Dexterity: The gloves are thick and bulky, but not any more than I would expect for a heavyweight glove. Adjusting the zippers on my clothing was sometimes tricky, while manipulating the gas valve on my backpacking stove was nearly impossible. When I anticipated a need for added dexterity and had to remove the Gordini's, I put on synthetic liners to provide some protection from the cold for my fingers. There was not enough room for the liners to fit inside the gloves and not cause the gloves to feel too tight. The gloves did allow me to adjust straps on packs and other tasks around camp. The gloves are thin enough that I was able to use my trekking poles normally while wearing them. I found that the gloves slipped in and out of the handle loops easily when I needed them to. I didn't feel as if my hands were trapped if I needed to get them out quickly. The leather fingers and palm areas gripped to the hiking poles very well and gave me good support when I needed it; ascending or descending hills. I had no issues with dexterity while shifting gears on my bicycle during winter rides.

Durability: I have had no problems with durability, despite wearing these gloves extensively during the test period. The leather palms showed no wear after several hours gripping trekking poles as well as breaking up limbs and carrying firewood. In addition, I have not seen any loose stitching or other flaws. I have washed the gloves once after accumulating several weeks of dirt and grime. Despite warnings about the inner lining pulling loose from the outer shell if the gloves are removed improperly, I have had no such problems.

SUMMARY

Overall, I really like the Gordini Stretch 2 in 1 Gloves. I have found them to be warm and comfortable. They fit my hands well but some dexterity is sacrificed by the bulky fit. They are well made and durable. My hands have been cold at times, but that is common for me in the winter. I have found them to be good gloves for backpacking. The leather palm, Megaloft insulation, and Goretex lining also make them perfect for snow-camping. They are waterproof and breathable. I have had no moisture problems with these gloves. At temperatures above freezing, they provide good warmth during exertion, without making my hands sweaty. They are also light enough to carry in my pack without creating too much excess weight. As I continue using the gloves, I plan to evaluate their long term durability, warmth, and waterproof nature on more winter backpacking trips.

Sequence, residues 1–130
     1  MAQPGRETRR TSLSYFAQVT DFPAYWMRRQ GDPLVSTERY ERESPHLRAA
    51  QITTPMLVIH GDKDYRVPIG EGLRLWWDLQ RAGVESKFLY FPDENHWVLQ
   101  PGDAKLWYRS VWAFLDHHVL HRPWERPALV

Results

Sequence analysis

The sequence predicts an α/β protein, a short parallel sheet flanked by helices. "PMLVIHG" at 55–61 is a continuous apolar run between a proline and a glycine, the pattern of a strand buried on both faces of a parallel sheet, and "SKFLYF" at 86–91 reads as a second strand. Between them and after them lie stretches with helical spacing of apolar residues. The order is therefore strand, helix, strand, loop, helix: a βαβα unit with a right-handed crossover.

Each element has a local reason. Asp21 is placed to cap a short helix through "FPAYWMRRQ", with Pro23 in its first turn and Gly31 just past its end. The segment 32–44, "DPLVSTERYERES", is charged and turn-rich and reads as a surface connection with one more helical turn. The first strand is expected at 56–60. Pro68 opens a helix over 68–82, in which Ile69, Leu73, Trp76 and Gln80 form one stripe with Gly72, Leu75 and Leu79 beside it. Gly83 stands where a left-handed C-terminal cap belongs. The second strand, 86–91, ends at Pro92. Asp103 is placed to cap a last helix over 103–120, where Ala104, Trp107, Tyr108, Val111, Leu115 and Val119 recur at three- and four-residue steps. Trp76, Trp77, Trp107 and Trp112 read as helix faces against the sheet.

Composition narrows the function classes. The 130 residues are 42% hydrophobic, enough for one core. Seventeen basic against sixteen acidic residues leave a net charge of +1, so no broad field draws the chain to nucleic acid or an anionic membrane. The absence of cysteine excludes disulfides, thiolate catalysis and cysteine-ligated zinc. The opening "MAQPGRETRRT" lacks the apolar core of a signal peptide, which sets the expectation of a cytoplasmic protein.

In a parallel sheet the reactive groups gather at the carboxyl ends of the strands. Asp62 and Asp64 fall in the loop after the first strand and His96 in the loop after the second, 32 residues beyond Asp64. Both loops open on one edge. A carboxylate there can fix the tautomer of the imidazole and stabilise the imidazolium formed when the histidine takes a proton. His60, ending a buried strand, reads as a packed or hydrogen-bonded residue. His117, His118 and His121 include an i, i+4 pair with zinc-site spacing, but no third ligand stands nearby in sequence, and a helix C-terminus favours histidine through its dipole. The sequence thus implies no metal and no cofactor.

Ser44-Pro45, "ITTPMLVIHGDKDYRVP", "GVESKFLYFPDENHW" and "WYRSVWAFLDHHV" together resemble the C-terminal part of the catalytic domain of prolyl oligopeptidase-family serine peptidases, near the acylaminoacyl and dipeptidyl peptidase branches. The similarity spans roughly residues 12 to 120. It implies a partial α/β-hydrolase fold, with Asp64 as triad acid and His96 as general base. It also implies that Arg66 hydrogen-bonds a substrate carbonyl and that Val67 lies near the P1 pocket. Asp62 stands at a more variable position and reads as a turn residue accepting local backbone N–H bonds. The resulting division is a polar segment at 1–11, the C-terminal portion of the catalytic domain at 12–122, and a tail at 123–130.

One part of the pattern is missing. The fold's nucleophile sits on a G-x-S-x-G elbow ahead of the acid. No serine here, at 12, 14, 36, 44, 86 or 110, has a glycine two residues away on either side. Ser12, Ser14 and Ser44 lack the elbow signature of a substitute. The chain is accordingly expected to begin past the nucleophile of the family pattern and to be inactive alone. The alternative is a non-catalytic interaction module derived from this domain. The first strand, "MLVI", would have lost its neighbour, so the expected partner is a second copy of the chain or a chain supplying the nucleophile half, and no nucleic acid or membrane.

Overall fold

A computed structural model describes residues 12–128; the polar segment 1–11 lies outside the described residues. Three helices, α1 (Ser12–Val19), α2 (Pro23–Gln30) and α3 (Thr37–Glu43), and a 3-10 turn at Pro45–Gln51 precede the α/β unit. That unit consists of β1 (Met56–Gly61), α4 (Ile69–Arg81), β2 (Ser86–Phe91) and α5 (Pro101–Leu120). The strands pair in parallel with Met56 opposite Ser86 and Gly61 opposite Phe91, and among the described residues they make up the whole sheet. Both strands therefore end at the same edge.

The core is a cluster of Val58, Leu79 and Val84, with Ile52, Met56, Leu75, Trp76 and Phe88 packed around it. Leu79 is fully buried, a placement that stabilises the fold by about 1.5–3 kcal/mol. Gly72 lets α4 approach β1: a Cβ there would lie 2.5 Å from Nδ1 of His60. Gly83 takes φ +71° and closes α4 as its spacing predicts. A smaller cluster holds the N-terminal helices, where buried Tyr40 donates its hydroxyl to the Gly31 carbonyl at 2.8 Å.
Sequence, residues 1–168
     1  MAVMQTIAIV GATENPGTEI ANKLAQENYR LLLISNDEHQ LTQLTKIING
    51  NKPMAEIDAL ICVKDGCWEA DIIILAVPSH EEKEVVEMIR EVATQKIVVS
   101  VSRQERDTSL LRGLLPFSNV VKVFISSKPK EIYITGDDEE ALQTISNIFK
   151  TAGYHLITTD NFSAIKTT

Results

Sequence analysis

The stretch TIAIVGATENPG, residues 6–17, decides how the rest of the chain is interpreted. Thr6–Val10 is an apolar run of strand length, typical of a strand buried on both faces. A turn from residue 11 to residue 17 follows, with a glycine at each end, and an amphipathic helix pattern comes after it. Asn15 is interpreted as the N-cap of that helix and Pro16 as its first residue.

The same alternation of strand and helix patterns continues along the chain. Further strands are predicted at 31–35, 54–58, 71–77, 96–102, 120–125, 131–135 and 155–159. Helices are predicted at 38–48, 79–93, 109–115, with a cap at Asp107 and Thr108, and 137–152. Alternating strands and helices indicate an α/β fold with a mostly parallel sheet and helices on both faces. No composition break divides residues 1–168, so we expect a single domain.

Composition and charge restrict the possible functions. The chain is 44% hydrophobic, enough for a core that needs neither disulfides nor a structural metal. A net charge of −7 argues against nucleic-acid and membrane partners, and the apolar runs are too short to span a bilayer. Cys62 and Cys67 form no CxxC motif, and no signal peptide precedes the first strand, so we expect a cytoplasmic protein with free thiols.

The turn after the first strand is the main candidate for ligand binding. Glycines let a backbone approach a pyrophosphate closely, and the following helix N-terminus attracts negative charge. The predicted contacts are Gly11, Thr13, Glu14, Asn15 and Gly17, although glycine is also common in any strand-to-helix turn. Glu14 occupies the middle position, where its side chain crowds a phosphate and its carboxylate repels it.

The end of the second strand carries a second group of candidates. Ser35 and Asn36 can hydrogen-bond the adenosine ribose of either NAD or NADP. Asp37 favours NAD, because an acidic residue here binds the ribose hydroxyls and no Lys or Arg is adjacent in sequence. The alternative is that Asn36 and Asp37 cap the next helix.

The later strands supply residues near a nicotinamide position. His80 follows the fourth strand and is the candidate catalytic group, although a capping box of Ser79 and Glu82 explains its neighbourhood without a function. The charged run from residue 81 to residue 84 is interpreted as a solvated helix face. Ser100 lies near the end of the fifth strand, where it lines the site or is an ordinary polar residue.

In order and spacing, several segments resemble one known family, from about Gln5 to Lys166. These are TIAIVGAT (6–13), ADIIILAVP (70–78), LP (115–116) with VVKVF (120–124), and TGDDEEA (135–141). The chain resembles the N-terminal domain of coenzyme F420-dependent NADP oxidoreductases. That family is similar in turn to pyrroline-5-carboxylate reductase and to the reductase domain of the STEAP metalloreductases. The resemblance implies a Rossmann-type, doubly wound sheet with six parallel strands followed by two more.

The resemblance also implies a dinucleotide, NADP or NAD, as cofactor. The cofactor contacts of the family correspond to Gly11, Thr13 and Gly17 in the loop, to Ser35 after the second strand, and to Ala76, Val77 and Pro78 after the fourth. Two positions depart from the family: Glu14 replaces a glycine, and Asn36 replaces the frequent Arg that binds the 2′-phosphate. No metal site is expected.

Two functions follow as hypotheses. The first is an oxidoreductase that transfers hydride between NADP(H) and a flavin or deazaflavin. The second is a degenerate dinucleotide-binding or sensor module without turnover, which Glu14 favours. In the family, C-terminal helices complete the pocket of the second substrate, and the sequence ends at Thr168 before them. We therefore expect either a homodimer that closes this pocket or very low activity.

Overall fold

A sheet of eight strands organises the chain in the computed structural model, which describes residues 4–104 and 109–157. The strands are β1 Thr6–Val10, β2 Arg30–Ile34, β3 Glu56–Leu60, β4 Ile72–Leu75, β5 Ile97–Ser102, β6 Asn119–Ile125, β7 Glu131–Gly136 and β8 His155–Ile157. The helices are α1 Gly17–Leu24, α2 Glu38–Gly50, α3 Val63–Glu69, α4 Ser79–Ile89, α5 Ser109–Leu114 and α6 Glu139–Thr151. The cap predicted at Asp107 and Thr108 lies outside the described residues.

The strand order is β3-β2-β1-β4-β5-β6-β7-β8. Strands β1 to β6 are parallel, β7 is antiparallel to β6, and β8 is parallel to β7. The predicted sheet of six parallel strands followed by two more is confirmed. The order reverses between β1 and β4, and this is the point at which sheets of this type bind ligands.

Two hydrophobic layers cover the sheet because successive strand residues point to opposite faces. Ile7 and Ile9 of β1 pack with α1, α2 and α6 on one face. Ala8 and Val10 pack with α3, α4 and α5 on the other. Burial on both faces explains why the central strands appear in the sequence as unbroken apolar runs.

This concludes my Field Report on the Gordini Stretch 2 in 1 Gloves. Please check back in two months for further field testing results and my final report on this item. Thanks to Gordini and BackpackGearTest.org for the opportunity to test this product.


LONG-TERM REPORT

LONG-TERM TEST LOCATIONS AND CONDITIONS

The past few months provided many opportunities to further test the Gordini Stretch Gloves. During this time I have been using these gloves for day hikes, weekend backpacking trips and other outdoor activities. The details of two trips are highlighted below: